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Green Update: Prius Camper Takes Togetherness to a New Level

January 17th, 2012

Car camping in Japan must be like much else in the country: squeezing more people into limited space. According to what I’ve read, this Prius Camper thing can sleep 4 (maybe 5) in very close quarters. Imagine for yourselves the sounds, smells and scrunches of such an overnight.

Anyhow, a company called Campinn showed off the concept at the Tokyo Auto Salon. The “Relax Cabin” will reportedly cost the Prius owner around $52,000—which can buy a lot of motel rooms. Or gasoline for a normal-sized RV.

But if you are addicted to living in your car and don’t mind being laughed at, on or off the grid, the Prius camper could do it for you. Whether your car will have enough power to get out of its own way—with all that extra weight added—is a question still to be addressed. Whether it will be stable on the road is something we rather doubt.

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Green Update: VW E-Bugster Concept, A Squashed Bug?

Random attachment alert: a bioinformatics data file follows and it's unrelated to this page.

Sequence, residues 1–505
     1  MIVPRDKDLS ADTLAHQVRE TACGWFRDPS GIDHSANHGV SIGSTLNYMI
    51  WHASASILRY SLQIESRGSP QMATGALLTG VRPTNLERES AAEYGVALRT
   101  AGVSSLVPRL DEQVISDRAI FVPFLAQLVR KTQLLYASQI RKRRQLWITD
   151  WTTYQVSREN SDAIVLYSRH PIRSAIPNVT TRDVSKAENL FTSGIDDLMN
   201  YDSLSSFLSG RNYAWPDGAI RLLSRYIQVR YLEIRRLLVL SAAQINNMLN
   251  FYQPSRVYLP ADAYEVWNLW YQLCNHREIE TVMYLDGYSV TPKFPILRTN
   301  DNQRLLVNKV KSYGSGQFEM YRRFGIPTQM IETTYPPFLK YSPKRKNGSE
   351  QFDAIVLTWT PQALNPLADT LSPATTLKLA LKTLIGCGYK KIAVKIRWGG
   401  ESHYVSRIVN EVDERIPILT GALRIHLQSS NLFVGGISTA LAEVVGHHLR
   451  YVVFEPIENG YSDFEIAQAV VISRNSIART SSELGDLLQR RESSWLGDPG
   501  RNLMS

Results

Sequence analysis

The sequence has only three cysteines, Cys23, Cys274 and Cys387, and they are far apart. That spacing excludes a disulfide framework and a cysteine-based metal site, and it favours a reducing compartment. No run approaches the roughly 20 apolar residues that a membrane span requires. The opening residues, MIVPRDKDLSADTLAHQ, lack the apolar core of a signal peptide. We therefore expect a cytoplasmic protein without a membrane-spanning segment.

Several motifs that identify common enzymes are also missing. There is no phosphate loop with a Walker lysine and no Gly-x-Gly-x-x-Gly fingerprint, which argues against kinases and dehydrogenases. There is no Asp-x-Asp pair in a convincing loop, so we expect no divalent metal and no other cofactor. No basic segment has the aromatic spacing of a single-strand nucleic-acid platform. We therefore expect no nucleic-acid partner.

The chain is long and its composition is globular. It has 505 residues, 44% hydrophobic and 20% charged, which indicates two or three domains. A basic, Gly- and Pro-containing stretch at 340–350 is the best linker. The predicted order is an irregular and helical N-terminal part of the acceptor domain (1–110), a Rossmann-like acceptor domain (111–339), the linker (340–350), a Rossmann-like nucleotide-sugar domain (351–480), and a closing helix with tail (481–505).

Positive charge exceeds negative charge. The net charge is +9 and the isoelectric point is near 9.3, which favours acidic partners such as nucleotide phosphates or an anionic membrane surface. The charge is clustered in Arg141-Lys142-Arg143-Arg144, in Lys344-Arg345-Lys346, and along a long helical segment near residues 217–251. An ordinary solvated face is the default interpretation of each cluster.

January 10th, 2012

Good gracious, we’re always stepping on the toes of Volkswagen designers, particularly those who did the 2012 Beetle, the car we love to hate. But that car may be gaining some small momentum with buyers, as some 1,530 stepped into new Beetles in December 2011.

Well, at the Detroit show, VW unveiled an all-electric concept that squashes the Bug even further. But, somehow, this one works, especially when you compare it to ugly potential competitors like the MINI Coupe. It looks like a German Schuco toy car I used to have when I was five.

It looks as though some hot-rodder had taken the Beetle to a chop shop (which some may well do). The E-Bugster has a fixed roof and an electric motor with 114 hp and 199 ft-lbs of torque—enough to move it smartly down the highway. Range is said to be about 100 miles. The press release notes: